Cheats are allowed in storytelling. Sometimes they’re necessary. But the compact between storyteller and audience is that cheats should be kept to a minimum, that as often as possible plot points should make sense, should be motivated by the characters and that the characters in turn should have motivations that make sense and feed back into the narrative. Star Trek Into Darkness actively and constantly violates that compact.
And the filmmakers know it. More than once a character comments on how stupid something is, or how out of character someone is behaving. This sort of handwaving is a way of distancing the creative team from the junk they’ve created, a way of saying ‘Hey, we know this doesn’t really work, but come along for the ride anyway.’ It’s infuriating, and the time spent having Scotty whine to Kirk that he’s making decisions that are stupid, inappropriate and out of character should have been spent finding other solutions to the narrative problems.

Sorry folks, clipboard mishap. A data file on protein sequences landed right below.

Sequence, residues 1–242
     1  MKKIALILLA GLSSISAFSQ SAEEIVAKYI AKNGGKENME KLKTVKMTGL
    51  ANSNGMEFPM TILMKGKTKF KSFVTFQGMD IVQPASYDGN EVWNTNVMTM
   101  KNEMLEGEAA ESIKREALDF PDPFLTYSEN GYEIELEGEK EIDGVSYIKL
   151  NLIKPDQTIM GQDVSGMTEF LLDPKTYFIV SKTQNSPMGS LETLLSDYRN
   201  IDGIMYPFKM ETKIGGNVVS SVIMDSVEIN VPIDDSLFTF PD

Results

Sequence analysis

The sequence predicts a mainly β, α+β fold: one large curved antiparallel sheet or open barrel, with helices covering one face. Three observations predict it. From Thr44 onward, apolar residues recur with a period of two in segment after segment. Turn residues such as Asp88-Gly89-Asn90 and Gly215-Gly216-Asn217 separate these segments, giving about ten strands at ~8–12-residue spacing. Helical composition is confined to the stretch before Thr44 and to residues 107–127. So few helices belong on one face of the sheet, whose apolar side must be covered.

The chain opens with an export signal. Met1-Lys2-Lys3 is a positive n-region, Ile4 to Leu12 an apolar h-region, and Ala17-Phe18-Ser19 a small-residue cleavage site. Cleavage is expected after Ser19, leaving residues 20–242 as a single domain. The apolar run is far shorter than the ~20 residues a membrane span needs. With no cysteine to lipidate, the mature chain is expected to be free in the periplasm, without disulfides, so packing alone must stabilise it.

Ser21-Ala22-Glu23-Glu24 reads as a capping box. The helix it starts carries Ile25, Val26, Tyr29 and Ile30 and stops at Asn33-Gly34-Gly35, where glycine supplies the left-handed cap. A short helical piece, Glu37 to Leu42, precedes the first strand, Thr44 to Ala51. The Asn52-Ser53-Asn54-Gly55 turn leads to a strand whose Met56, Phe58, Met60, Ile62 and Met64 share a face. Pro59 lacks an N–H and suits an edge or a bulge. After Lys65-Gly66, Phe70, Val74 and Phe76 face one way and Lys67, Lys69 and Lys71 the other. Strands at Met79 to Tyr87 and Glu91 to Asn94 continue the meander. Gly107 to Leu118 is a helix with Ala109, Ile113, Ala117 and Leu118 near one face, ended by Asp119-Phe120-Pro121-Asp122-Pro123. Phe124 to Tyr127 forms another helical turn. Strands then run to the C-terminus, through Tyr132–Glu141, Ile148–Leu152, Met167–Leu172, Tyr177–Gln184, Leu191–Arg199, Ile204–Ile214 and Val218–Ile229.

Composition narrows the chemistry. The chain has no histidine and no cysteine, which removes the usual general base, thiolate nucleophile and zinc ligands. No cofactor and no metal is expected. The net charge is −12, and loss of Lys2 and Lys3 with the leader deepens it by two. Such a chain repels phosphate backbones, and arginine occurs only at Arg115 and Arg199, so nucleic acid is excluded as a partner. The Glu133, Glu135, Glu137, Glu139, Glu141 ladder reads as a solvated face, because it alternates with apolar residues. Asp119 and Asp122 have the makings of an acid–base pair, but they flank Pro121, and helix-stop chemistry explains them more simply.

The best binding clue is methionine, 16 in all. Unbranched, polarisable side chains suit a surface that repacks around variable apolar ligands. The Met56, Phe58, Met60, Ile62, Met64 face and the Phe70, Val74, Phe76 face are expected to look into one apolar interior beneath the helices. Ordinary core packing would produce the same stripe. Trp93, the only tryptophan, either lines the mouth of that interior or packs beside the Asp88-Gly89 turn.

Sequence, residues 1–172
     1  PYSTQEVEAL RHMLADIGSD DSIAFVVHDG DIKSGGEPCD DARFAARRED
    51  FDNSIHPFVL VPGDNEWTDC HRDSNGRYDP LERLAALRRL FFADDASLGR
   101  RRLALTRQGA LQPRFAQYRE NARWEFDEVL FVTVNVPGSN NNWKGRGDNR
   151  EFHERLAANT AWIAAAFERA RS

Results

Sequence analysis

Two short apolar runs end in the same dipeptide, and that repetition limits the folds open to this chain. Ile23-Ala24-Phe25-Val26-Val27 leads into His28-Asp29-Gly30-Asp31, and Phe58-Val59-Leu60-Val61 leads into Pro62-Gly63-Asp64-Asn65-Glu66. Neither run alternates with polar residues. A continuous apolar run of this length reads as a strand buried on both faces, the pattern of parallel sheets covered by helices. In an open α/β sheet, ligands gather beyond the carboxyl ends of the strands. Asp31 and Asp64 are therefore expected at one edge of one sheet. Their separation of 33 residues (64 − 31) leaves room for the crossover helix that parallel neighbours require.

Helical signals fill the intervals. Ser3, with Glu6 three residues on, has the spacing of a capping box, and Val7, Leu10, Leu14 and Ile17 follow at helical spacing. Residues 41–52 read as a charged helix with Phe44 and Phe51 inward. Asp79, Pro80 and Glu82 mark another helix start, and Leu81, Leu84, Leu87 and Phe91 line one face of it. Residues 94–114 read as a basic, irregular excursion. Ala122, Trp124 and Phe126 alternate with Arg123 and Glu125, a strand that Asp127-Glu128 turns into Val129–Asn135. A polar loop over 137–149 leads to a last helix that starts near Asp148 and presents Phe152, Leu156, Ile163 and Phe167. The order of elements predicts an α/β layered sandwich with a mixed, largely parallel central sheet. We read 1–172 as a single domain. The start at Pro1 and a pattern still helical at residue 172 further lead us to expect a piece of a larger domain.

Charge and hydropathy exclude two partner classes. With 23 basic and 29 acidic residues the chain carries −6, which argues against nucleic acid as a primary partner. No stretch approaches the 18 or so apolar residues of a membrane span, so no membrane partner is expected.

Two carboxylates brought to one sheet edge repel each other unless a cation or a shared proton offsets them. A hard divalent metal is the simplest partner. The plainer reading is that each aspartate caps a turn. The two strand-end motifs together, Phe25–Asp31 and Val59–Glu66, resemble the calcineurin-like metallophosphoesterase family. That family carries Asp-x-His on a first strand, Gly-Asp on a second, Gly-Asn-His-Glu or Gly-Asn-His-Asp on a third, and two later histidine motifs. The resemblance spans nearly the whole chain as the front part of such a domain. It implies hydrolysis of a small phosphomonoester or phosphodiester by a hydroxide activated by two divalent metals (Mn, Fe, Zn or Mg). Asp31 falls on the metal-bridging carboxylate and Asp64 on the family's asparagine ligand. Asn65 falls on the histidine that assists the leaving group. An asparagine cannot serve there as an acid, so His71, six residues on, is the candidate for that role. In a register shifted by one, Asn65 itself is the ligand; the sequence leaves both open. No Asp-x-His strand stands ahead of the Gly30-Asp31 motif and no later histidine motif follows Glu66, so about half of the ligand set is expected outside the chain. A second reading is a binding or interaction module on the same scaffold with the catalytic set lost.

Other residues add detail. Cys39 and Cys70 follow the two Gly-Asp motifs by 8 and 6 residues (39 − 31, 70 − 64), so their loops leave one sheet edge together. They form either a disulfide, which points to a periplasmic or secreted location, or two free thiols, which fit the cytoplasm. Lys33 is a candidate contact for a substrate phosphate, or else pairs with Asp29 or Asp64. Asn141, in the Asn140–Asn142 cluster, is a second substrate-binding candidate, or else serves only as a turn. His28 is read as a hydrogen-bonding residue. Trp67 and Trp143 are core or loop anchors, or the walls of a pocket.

Dramatically the movie fails. Setting aside any Trekkie feelings about killing Kirk in a reversal of the end of Wrath of Khan, that sequence falls flat. Part of the problem is that it happens too soon; what made Spock’s death in Khan so moving is that it’s two old friends saying goodbye. Kirk and Spock have known each other for like a year in this movie.
Worse than that, the death is a gimmick only. Kirk is brought back to life about ten minutes later; it’s shocking to me that the filmmakers could so totally undermine the dramatic value of the moment. If Kirk’s death is weightless because the Kirk/Spock relationship isn’t solidified it becomes doubly weightless because it ends up being only an inconvenience. By bringing Kirk back to life immediately the script establishes a situation where the stakes are about as high as having Kirk locked in a closet.
If that sequence fails utterly as drama, it does succeed admirably as the perfect example of the difference between JJ Abrams’ Trek and the real Trek. In Wrath of Khan when Spock enters the radiation chamber to save the ship he must replace parts and do what looks like some kind of actual repair work. When Kirk goes into the warp core to save the ship he has to... kick a piece of metal until it goes back into place. That, I think, sums it all up.